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MIAMI (CBSMiami) – Monday was quite different on Calle Ocho after thousands had stormed the streets over the weekend celebrating the death of former Cuban leader Fidel Castro.
It was a quiet morning in front of the Cuban restaurant ‘Versailles’ where many in the Cuban exile community had joined in the celebrations on Saturday and Sunday.
Traffic went on as usual with no street celebrations Monday but the morning ‘cafecito’ conversation had something that’s been the topic for years.
“The people know what’s going to happen,” said one man while drinking coffee with others. “There’s going to be a big revolution in Cuba against the Castro regime.”
For Ernesto Paz and his family, this is a moment they will never forget. He’s from Cuba but lives in Aruba. They just happened to be in Miami when news broke of Castro’s death. He joined the crowd of thousands who celebrated in the street.
“I hope it’s a new moment for all de Cuba, in Miami, people in Havana,” he said.
Tom and Sarita Lastrebes were visiting from Tampa. They were on Calle Ocho too over the weekend. On Monday, they had to return to Little Havana one more time. Castro’s death reminded them of the fear many felt during the height of the Cold War and Cuban missile crisis.
“I can remember the duck and cover during the Cuban missile crisis,” Tom recalled. “If you see that flash, get underneath your school desk.”
Even though the Lastrebes are not Cuban, they said the day Castro died will be one those days in history that will always be significant for them.
“Just one of the moments you remember in your life. Where were you when Fidel died? Well, I happened to be in Miami,” said Sarita.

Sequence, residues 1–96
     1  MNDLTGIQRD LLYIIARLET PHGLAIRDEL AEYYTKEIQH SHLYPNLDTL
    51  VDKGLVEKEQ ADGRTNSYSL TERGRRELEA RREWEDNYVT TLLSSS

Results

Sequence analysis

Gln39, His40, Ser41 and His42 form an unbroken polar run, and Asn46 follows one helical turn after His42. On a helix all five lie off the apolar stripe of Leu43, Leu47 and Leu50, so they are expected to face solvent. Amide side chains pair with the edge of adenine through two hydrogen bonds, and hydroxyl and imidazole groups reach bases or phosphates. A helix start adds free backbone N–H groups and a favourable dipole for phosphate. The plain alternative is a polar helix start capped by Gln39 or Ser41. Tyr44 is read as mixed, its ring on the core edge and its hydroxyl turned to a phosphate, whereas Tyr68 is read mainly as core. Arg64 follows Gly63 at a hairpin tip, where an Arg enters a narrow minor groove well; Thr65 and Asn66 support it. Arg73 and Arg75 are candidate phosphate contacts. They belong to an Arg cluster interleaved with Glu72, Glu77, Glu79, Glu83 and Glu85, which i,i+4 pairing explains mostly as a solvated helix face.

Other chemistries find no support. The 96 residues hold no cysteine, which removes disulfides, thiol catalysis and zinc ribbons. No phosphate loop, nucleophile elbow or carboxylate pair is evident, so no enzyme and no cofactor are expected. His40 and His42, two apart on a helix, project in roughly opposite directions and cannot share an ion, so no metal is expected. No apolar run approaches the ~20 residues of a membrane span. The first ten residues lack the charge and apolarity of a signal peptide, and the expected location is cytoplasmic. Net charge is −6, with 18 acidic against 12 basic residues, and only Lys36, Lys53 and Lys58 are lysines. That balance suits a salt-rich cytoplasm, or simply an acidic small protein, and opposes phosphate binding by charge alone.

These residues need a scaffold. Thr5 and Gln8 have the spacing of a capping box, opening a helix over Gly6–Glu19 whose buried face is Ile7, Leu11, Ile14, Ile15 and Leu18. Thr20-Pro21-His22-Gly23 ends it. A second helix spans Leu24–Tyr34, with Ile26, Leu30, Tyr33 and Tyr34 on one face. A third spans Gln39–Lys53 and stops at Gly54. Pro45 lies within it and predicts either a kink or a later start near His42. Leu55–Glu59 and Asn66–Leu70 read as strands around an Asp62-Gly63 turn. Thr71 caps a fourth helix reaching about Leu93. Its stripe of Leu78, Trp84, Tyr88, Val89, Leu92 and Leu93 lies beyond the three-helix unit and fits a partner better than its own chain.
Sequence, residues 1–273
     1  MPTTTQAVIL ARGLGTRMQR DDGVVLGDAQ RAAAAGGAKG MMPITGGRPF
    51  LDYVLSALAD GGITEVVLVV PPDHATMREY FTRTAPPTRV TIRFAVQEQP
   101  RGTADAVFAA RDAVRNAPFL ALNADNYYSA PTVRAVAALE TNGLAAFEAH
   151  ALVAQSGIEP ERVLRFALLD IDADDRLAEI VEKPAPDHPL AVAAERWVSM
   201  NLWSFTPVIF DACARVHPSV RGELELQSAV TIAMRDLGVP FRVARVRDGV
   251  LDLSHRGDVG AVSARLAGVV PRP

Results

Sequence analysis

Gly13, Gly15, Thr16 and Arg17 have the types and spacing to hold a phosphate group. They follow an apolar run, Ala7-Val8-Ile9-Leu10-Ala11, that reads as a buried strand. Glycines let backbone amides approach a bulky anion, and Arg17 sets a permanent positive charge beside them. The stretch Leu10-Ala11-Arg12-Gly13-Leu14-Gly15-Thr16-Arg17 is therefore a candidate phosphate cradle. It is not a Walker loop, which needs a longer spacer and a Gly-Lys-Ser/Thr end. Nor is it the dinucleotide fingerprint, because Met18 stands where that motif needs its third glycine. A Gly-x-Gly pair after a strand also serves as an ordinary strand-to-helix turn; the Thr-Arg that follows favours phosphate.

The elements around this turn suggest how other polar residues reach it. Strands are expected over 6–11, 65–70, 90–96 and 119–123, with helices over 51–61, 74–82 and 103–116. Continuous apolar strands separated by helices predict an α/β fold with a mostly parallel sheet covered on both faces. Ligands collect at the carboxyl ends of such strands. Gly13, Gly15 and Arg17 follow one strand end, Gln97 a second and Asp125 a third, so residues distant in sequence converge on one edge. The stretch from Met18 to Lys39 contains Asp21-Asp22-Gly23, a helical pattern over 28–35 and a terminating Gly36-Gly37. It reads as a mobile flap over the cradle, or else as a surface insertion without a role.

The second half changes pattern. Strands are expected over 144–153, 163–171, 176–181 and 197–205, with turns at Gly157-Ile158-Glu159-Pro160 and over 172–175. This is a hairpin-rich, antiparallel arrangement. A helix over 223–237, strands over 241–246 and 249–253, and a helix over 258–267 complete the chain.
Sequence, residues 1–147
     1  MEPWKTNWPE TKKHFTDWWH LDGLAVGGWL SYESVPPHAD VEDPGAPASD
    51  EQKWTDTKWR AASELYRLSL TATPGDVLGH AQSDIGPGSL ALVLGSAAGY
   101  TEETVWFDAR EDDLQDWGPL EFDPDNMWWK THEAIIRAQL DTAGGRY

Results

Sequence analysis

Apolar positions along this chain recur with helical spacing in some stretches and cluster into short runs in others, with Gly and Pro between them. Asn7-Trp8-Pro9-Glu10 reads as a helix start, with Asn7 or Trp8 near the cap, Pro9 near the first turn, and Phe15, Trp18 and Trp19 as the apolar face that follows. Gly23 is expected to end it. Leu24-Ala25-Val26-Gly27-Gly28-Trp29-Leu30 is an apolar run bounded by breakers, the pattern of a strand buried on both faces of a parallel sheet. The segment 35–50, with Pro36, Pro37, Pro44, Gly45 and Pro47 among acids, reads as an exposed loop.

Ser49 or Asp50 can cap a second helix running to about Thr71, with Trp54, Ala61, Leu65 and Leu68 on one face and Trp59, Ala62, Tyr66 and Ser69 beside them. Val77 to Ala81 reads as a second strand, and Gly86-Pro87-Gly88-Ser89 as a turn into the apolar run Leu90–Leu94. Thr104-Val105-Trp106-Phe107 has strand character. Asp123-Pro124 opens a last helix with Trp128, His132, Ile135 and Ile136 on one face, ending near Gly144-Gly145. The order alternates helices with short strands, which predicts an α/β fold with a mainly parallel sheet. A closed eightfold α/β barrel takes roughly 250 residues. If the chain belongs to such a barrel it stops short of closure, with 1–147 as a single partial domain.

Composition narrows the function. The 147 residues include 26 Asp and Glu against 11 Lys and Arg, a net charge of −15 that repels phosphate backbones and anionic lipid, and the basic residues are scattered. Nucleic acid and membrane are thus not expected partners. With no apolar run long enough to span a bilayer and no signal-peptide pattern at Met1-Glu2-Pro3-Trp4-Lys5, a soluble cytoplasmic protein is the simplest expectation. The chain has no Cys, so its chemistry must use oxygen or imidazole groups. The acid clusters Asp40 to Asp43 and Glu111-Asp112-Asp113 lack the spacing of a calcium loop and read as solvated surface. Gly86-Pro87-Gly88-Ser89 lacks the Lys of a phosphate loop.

After learning of Castro’s death, many said they were not celebrating the death of a person but rather that a dictator is gone and all the possibilities that lie ahead for Cuba.
Teresa Coan left everything in Cuba 50 years ago. She didn’t know what was ahead for her but she’s glad she came.
“I think it’s the best country in the world and I travel a lot so I can compare and nothing can compare to this. In this country, you can say whatever you want and you can do whatever you want. You can be what you want,” said Coan.
The scene was the same Saturday and Sunday in Westchester at Cuban restaurant ‘La Carreta.’
“I wouldn’t want to just pass up on spending this time with the family, bonding with everybody here, representing really what this all means which is one step closer to freedom for the Cubans and the Cuban citizens in Cuba,” said first generation Cuban-American David Rodriguez.
His parents left Castro’s Cuba just after he took over. They came to Miami to build a better future for themselves and their family.
Now there are first and second-generation Cuban-Americans in Miami who have yet to go to Cuba but plan to as soon as it’s free.
“I’ve never been there before,” said Sophie Rodriguez, a second-generation Cuban-American who plans on going.
“I want to go one day and see where my parents came from. See the origin and everything the way it was,” said Rodriguez.
Crowds thinned out between Saturday and Sunday at both Cuban restaurants and Calle Ocho. Many people said they had to get back to work but it’s very likely crowds will come out again to celebrate.
The celebrations by the Cuban exile community in Miami counter the memorials and ceremonies that will take place in Cuba this week as Cubans on the island nation are under a period of mourning until December 4th. Castro’s remains will be buried that same day.